Life insurance pays a cash benefit to a beneficiary upon the death of someone.
The human life value.
What is the value of a human life? Of course, a human life has great value with regard to achievement, companionship, inspiration, and so on. There is also the financial value of a human life. To understand this concept, ask the question, “Does someone suffer, financially, upon the death of someone else?” If so, there is a risk exposure related to that human life value. There are several broad categories of human life risk exposures, including those having to do with personal needs, family needs, and business needs. Life insurance is a device, which can replace the financial loss that results from someone’s death. To make a wise life insurance purchase you must consider several questions, including the following:
How much death benefit do I need?
For some life insurance needs the amount is obvious – if the purpose is to guarantee repayment of a $50,000 loan, the amount is $50,000. For other needs, like family/survivor income needs, the correct amount is not so obvious.
This problem has led to several rules of thumb, such as “five times (annual) income” or “ten times (annual) income.” Another rule of thumb would suggest that each parent should have $500,000 of death benefit, and yet another that each parent should have $1,000,000. It is rather obvious that rules of thumb are not specific to a given individual’s situation, so there is a risk of not being precise. If you have too little death benefit your family will suffer, and if you have too much you are wasting your resources by paying for insurance that you don’t need (again your family suffers.)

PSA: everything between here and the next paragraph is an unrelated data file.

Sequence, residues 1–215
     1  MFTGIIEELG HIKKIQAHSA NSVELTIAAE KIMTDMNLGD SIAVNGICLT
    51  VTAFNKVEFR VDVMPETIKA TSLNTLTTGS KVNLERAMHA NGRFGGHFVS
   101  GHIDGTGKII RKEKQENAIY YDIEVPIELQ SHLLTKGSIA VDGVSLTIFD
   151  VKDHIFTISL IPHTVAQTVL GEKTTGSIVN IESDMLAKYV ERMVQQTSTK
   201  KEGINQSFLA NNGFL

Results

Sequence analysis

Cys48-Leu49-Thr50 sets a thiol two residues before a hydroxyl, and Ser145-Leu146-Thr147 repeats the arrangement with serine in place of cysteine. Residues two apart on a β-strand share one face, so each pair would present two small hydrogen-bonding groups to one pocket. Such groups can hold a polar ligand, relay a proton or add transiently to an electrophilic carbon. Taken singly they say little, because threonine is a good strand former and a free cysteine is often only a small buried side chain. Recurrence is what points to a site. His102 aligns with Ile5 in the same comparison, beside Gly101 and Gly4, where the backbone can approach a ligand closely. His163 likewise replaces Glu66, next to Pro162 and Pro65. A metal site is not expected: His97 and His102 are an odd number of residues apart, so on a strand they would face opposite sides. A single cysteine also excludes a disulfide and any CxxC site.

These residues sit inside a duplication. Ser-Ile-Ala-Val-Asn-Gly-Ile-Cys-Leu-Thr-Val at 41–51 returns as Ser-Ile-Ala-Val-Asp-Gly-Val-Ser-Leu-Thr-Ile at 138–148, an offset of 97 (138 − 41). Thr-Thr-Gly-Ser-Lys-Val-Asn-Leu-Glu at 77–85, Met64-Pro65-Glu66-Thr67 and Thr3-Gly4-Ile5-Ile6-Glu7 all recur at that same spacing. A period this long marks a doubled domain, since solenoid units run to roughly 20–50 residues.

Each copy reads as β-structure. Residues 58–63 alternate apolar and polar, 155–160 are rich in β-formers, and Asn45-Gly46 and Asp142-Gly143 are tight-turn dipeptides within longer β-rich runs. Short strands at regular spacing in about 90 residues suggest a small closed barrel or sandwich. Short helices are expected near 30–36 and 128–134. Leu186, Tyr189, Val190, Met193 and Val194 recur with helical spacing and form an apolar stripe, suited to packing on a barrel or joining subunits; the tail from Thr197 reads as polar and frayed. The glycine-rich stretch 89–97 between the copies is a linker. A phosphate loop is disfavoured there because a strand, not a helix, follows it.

While there is no perfect answer to this problem, there is a method which is far better than rules of thumb. It is possible to compute the lump sum (death benefit) required to fund specific present and future cash flows to meet individual and family needs as determined by the individuals, or family. A good financial planner can perform the appropriate calculations after determining certain assumptions regarding investment returns, taxes, and inflation.
So, there are two basic steps to determining how much life insurance you need.
1. Consider your needs.
This step requires that you identify, or estimate the amount of each specific need, and the timing of the need. For example, satisfaction of debts might require a lump sum amount immediately upon death, while ongoing income needs for survivors would be met by a monthly or weekly income stream which increases with inflation, and college funding could require an income stream which begins in the future.
2. Compute the present value of the various cash flows defined in #1.
A good financial planner can assist you in identifying and quantifying your needs, and can bring the wisdom of experience to the process. Life insurance planning, like life, involves uncertainty and variables. However, by using good strategy and appropriate methods you can apply your resources to meet your needs and those of your family, while avoiding the uncertainty and waste associated with rules of thumb.